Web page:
Career Profile: Lawford Anderson
University of Southern California
The University of Southern California is a private research university.
is one of the leaders of the 2006 Preparing for an Academic Career in the Geosciences Workshop. Prior to the workshop, we asked each of the leaders to describe their careers, for the benefit of workshop participants, by answering the questions below.
Click on a topic to read Lawford Anderson's answer to an individual question, or scroll down to read the entire profile: Educational background and career path * Current job responsibilities * Best part of the job * Challenges and strategies * Qualifications * Balancing work and life * Advice
Briefly describe your educational background and career path.
I received a BA in geology (with minor in History) from Trinity University in 1970 and a MS and Ph.D. in geology (minor in Chemistry) from the University of Wisconsin, Madison in 1972 and 1975, respectively. In the same year of my Ph.D., I was hired as a tenure-track assistant professor at USC.
Briefly describe your current job responsibilities, perhaps by describing a typical day, week, or semester.
I have just returned from eight years in the college administration which had a much different work profile, one shifted away from teaching and research. But, I love teaching and research, which I have now returned to in a more balanced level. I am also invested in service, including advisement of students at all levels, including many outside of science.
What do you like best about your work?
Foremost is the opportunity to work with creative young minds but also those who do not recognize their ability and learn that they can achieve. I also enjoy new research but mostly where the opportunity is shared with students. Usually, by the time the students complete their work they are teaching me!! I love the experience.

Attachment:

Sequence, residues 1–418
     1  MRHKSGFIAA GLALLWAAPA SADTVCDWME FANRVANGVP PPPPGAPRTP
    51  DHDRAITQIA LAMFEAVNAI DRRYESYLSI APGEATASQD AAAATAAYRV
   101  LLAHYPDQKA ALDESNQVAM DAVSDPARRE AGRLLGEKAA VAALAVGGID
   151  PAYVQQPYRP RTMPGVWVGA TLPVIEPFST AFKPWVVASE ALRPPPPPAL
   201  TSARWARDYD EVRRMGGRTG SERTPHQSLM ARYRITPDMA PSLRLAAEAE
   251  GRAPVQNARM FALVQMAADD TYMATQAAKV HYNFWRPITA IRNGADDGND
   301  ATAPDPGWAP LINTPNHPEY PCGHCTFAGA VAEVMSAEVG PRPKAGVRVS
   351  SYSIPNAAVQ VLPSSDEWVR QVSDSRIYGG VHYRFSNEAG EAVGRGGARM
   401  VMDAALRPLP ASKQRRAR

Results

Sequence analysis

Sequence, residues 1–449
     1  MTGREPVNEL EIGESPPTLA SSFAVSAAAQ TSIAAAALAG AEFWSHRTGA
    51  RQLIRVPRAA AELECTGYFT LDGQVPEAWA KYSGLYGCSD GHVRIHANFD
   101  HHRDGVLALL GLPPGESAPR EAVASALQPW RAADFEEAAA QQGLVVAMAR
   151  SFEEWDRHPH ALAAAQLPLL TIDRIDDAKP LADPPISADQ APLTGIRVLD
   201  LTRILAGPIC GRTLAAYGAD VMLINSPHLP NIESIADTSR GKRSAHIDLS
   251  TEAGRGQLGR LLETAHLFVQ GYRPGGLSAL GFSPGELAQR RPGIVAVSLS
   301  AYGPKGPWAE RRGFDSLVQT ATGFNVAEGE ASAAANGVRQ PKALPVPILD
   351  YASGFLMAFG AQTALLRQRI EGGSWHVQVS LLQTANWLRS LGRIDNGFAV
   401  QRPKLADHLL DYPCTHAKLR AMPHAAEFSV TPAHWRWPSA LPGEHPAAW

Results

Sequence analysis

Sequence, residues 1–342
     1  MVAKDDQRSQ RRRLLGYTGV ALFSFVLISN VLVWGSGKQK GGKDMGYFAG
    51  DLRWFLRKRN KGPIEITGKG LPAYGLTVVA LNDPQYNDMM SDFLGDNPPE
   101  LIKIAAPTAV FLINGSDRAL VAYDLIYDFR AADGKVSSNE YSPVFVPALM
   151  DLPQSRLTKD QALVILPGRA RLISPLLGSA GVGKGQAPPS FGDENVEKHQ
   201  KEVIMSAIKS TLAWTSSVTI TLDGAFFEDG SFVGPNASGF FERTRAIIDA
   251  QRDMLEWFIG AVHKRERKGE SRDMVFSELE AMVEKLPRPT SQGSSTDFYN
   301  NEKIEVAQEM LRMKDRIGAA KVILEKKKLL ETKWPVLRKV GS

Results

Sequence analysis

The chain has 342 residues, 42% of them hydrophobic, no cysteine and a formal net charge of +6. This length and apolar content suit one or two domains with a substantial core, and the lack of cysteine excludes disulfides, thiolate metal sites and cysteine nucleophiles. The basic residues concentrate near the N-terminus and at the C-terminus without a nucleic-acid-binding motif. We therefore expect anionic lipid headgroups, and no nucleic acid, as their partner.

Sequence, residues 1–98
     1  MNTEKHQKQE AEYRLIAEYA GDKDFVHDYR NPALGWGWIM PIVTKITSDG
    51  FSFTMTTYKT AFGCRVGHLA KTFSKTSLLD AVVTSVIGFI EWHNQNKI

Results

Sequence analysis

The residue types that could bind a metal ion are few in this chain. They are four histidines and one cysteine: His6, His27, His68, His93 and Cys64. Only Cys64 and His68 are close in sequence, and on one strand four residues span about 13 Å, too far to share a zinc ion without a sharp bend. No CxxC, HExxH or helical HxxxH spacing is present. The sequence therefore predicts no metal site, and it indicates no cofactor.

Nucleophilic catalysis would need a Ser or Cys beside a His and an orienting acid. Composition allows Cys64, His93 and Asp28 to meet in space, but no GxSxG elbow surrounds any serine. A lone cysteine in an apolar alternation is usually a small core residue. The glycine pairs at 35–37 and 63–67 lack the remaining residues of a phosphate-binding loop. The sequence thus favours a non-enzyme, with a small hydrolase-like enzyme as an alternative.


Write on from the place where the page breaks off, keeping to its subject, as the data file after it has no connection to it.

What is the most challenging aspect of your work? What strategies have you developed for tackling that challenge?
The balance of teaching, research, and service duties can become unequal on a daily basis. Time management is key and a learned quality. Meanwhile, one must set priorities and follow those, which can vary with individual and institution. For me, I place students and classes first but when the research lags, I put in long hours to keep the pace. It is a challenge but I enjoy all of it.
What qualifications do you think made you competitive in your job search(es)?
Research productivity and enthusiasm for teaching and working with students. Also effective communication skills, which at the time I was still learning.
Many of the graduate students and post-doctoral fellows in these workshops are interested in balancing a family and career, in dual career couple issues, and in how other personal choices affect the search for a fulfilling career. Please share information about your situation, your ideas and experiences.
I have led workshops on this topic. Foremost, one needs a great partner, one who is willing to equally share the home duties and, at times, unequally. Where both partners are in professional careers, their mutual paths are rarely on parallel trajectories and both must be willing compensate when the other's path takes on new demands. It can be exciting, but it needs to be shared and over time, balanced and always with respect and full communication of appreciation of mutual sacrifice. Currently, my wife has moved into the administration and I am enjoying being the scout leader, softball coach, and soccer dad! Life is full and rewarding in many ways!!
What advice do you have for graduate students or post-docs preparing for academic careers in geoscience? What do you know now that you wish you had known as you started your career?
All new faculty deserve a mentor who will advise, listen, and, at times, just be there. I had one, but at the time, I did not fully appreciate the intrusion and I did not always listen. I should have. He was wise and I miss him.